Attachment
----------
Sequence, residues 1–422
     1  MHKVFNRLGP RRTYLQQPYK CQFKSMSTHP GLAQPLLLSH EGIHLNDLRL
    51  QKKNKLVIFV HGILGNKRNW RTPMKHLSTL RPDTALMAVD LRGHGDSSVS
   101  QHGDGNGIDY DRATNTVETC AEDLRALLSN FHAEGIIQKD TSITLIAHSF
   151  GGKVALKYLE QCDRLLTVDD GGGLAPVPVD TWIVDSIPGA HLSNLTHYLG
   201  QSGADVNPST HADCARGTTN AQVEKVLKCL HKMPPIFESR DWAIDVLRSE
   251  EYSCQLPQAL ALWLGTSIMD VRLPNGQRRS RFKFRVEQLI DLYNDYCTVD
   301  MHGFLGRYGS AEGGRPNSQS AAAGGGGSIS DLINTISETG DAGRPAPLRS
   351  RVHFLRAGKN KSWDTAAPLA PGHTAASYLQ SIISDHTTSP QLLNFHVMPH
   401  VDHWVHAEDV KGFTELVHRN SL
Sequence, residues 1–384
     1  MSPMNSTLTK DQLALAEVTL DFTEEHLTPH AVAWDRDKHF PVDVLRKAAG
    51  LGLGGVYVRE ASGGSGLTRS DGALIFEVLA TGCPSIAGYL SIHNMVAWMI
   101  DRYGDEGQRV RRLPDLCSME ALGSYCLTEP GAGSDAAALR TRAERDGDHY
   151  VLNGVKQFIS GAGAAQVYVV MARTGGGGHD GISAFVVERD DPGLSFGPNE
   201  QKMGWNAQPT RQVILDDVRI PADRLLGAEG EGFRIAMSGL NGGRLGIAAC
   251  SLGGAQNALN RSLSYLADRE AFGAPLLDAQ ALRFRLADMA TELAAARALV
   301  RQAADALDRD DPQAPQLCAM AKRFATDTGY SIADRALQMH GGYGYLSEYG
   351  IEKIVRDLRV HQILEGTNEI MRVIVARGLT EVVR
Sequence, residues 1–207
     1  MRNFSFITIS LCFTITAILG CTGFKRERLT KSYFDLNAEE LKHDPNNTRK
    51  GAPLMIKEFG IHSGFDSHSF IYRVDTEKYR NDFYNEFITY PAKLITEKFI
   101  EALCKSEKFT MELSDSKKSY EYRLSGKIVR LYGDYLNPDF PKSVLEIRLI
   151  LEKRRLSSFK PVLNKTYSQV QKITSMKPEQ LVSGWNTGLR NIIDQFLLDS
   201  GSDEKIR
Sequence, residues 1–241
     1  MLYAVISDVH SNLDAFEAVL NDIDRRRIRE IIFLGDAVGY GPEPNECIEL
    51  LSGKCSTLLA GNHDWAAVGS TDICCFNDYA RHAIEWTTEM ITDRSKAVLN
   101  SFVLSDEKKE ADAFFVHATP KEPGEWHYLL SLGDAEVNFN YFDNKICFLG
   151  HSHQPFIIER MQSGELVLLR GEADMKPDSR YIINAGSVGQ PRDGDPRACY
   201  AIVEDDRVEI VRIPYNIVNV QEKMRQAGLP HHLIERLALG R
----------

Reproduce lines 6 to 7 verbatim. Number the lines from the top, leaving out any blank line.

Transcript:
   201  QSGADVNPST HADCARGTTN AQVEKVLKCL HKMPPIFESR DWAIDVLRSE
   251  EYSCQLPQAL ALWLGTSIMD VRLPNGQRRS RFKFRVEQLI DLYNDYCTVD